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Authors: Speranza, F.* 
Landi, P.* 
D'Ajello Caracciolo, F.* 
Pignatelli, A.* 
Title: Paleomagnetic dating of the most recent silicic eruptive activity at Pantelleria (Strait of Sicily)
Issue Date: May-2010
Series/Report no.: 7/72 (2010)
DOI: 10.1007/s00445-010-0368-5
Keywords: pantelleria
peralkaline deposits
paleomagnetic dating
chronology of eruptions
cluster of the eruptions
volcanic hazard
Subject Classification04. Solid Earth::04.05. Geomagnetism::04.05.06. Paleomagnetism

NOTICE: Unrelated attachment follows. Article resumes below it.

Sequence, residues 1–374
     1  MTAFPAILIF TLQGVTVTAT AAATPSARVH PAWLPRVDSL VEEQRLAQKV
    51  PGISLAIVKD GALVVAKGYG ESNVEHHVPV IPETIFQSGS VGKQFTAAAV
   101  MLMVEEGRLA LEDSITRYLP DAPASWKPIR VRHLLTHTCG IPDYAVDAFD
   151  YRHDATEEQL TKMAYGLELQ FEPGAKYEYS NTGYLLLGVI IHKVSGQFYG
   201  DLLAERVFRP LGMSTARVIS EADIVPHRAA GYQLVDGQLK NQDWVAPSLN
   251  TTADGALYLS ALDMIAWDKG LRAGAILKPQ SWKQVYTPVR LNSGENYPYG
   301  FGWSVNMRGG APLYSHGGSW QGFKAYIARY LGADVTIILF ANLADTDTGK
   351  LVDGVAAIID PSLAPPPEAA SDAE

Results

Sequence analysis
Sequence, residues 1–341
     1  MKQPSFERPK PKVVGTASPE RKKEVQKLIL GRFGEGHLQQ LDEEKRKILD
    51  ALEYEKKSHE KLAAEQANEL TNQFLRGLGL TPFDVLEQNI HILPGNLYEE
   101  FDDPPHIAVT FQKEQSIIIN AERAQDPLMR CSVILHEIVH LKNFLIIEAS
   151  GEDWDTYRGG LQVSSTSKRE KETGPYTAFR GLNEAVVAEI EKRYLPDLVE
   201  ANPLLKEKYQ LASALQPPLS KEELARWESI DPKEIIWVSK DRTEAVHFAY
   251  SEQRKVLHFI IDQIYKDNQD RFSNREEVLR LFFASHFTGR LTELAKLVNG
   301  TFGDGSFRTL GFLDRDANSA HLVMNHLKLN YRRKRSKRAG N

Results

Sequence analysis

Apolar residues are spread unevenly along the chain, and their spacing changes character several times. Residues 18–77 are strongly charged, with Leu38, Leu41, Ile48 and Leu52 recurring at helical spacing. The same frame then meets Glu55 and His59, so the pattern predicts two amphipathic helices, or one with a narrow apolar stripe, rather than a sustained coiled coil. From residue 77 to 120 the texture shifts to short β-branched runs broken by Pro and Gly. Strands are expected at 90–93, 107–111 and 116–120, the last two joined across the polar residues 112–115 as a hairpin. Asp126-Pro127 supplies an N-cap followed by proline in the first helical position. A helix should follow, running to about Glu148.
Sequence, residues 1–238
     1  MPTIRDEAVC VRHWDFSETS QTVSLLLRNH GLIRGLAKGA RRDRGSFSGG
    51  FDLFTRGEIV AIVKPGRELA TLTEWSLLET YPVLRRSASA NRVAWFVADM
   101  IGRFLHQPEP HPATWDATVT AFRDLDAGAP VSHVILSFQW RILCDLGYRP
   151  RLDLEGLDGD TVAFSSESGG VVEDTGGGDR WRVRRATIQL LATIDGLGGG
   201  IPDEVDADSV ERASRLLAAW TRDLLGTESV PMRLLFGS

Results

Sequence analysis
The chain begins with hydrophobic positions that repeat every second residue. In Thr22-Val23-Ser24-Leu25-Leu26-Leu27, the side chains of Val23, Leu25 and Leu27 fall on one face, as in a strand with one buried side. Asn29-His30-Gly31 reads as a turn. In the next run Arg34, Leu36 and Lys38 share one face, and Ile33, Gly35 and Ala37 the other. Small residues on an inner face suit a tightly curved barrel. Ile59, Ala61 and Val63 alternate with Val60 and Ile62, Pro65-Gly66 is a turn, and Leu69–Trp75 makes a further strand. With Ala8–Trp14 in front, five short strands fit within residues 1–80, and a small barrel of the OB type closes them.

Abstract: We report on the paleomagnetism of ten sites in the products of the most recent silicic eruptive cycle of Pantelleria, Strait of Sicily. Previously radiometrically dated at 5–10 ka, our comparison with proxies for geomagnetic field directions allows us to narrow considerably the time window during which these eruptions occurred. The strongly peralkaline composition causes the magmas to have low viscosities, locally resulting in strong agglutination of proximal fall deposits. This allows successful extraction of paleomagnetic directions from the explosive phases of eruptions. One of our sites was located in the Serra della Fastuca fall deposit, produced by the first explosive event of the eruptive cycle. The other nine sites were located in the most recent explosive (pumice fall and agglutinate from Cuddia del Gallo and Cuddia Randazzo) and effusive (Khaggiar lava) products. The (very similar) paleomagnetic directions gathered from eight internally consistent sites were compared to reference geomagnetic field directions of the last 5–10 ka. Directions from Cuddia del Gallo agglutinate and Khaggiar flows translate into 5.9- to 6.2-ka ages, whereas the Fastuca pumices yield a slightly older age of 6.2–6.8 ka. Hence, the most recent silicic eruptive cycle lasted at most a millennium and as little as a few centuries around 6.0 ka. Paleomagnetically inferred ages are in good agreement with published (and calibrated by us) 14C dates from paleosols/charcoals sampled below the studied volcanic units, whereas K/Ar data are more scattered and yield ∼30% older ages. Our data show that the time elapsed since the most recent silicic eruptions at Pantelleria is comparable to the quiescence period separating the two latest volcanic cycles.
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